The Not Destroyed Family

How to fight shame

Shame doesn’t live in our house — especially concerning the sexual abuse that my children endured.

To battle shame, you must first name it as the enemy and imagine it as a smelly, loud, rude and abusive person at the door. The only way you can’t let SHAME move in to your home is simple – you don’t invite it in.

The problem is, nearly everyone invites shame into their home, into their minds and their hearts and their lives. What’s truly horrifying is when we  invite it into our children’s minds, hearts and lives and that generation passes it to the next and the next and the next…. And this shame is what cripples our children. This shame is what must be fought.  

How does it gain entry?  With simple words and phrases we pass down to “train” our children.  

“We don’t talk about that.”

“Aren’t you ready to be normal again?”

“Let’s get life back to normal.”

“We don’t have to tell anyone. I don’t want you to feel embarrassed/be bullied/feel left out/be judged.”

“What do you mean, you want to see X, after what he did? Are you saying you liked it?”

“Why didn’t you tell me? Didn’t you want it to stop?”

“The only reason you’d ever want to go back to that X is what? To do what we caught you doing? (acting out) What’s wrong with you?  Do you like that stuff?”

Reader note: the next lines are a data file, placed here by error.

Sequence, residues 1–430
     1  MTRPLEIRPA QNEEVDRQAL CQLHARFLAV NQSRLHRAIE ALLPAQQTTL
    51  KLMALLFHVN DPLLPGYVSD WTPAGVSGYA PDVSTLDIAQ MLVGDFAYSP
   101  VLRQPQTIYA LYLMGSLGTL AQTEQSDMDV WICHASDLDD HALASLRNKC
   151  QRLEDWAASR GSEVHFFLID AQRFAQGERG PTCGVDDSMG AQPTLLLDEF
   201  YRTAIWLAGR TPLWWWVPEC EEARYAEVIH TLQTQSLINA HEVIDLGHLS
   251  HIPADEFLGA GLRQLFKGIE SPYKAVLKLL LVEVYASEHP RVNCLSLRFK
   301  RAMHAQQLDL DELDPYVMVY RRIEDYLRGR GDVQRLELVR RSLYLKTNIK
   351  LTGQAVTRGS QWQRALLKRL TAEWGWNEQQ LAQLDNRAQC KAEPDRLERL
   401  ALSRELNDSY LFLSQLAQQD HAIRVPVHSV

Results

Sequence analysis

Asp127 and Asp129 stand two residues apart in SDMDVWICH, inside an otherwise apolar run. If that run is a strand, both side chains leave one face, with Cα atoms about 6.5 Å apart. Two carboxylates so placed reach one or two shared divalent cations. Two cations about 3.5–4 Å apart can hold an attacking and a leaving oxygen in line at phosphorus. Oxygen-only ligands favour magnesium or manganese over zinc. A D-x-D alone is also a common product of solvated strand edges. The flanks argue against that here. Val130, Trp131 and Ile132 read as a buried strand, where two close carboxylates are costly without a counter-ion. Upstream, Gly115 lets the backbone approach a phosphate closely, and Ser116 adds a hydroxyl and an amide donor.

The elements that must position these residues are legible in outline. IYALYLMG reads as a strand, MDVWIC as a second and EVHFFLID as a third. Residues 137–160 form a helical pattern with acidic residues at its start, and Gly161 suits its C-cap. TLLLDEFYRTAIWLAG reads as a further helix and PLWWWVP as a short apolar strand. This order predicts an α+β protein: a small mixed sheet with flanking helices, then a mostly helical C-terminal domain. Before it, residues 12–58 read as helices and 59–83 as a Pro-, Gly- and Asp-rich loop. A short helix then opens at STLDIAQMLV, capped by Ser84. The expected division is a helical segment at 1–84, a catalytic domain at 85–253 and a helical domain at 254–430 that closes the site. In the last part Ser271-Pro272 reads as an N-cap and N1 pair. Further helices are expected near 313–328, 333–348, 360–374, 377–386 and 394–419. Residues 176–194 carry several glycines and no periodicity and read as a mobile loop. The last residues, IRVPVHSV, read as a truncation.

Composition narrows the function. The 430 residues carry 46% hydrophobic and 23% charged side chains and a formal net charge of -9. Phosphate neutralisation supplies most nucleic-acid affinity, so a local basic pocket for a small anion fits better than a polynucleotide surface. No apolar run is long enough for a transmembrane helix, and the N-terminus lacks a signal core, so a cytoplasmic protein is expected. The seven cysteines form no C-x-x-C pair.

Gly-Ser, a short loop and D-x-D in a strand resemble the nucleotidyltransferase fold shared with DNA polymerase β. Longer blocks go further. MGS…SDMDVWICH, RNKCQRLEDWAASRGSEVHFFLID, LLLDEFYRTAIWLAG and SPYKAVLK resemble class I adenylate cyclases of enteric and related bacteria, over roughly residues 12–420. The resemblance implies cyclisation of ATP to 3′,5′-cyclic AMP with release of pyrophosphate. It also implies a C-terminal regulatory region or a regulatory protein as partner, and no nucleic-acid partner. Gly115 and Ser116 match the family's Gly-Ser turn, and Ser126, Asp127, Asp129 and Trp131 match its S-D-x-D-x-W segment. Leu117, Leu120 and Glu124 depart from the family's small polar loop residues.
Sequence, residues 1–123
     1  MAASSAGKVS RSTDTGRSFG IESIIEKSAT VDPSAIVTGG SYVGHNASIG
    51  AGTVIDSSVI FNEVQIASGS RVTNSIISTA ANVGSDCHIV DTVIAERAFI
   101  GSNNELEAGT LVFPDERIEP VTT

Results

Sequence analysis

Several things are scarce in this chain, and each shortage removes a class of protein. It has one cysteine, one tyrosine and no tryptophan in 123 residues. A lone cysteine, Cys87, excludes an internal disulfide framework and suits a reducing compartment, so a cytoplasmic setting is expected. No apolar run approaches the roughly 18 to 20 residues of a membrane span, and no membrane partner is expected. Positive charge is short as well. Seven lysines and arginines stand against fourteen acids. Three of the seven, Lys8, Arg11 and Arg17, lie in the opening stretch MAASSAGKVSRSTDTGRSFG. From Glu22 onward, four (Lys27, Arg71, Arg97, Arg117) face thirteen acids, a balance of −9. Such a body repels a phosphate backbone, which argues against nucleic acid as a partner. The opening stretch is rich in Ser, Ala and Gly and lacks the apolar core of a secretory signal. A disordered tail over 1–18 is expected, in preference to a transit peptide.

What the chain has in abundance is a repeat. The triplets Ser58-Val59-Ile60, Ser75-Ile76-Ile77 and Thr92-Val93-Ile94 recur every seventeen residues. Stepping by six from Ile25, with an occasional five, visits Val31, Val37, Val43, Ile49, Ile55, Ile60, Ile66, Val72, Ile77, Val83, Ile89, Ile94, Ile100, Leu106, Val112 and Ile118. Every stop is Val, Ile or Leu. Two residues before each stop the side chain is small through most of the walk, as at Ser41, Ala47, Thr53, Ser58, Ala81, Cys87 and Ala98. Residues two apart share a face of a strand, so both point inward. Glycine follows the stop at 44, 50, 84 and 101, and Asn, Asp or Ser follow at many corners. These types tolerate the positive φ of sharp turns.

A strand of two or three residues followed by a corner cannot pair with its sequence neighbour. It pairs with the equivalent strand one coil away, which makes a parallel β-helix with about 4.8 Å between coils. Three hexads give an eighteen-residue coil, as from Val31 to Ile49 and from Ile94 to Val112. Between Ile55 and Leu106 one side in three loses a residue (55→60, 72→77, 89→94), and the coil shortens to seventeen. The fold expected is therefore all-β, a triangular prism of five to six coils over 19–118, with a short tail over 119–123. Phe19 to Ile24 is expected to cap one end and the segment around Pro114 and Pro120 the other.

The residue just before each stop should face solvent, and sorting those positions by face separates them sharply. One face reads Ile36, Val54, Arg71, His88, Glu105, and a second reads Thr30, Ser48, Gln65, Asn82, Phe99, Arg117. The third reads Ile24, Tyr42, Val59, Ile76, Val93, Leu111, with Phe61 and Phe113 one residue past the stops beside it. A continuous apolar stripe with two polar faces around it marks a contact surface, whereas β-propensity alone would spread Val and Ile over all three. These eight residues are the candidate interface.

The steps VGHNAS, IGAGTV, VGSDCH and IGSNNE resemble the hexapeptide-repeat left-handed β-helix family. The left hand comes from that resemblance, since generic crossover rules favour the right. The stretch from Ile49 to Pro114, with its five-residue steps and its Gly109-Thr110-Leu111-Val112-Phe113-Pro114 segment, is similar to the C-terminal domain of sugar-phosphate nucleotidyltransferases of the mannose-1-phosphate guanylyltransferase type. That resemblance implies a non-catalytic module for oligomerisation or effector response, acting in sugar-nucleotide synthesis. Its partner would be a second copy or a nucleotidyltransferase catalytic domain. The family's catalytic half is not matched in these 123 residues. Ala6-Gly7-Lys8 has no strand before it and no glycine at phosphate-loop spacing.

I could give you a thousand phrases, sentences and conversations to avoid, but the truth is you won’t succeed unless you change your heart position. Your child can feel your judgment, fear and shame unless you rid yourself of it first.  To do so, you have to genuinely believe the following statements:

  • My children didn’t ask for it, didn’t want it and need to be free of this behavior they engaged in, even if they solicited it after being introduced to it, even if they still want to see and have a relationship with the abuser(s) and even if they have acted out or are continuing to seek opportunities to act out.  I know they’re processing information too big for them to handle and this is how they’re attempting to handle it.  BUT if I continue to show up and provide a safe space, that safe space will grow and grow to fill up their emotional needs until they can heal enough to no longer seek it. I also know it could take years. I’m going to show UP so shame doesn’t show UP for me!
  • My children’s doors have been wrenched open by knowledge they weren’t ready for, which inevitably leads to two things: 1. Acting out sexually or violently or both, OR 2. Acting in with depression or anxiety or both.  The only hope my child has is for me to stand strong and firm against any opportunities to accumulate more information or act out what they’ve learned. I am going to break the cycle.
  • My children have no more reason to be ashamed than if they were beat up by a criminal. Their bruises may be hidden, but they’re nothing to be ashamed of. I know making those bruises as much a part of our regular conversation as possible will take away the toxic internal shame. I know the only way those bruises grow is if they’re hidden. I know bringing them into the sun will heal them.  
  • My children will never feel shame if I don’t teach it to them. When the very idea of hiding what happened comes up, I will acknowledge their concern but move on. I will not give it weight because as soon as it feels heavy, the shame will grow. I refuse to let shame move into my home. I refuse to let shame invade my child’s heart, mind and life. I get to decide this. I will not teach it to my child

 

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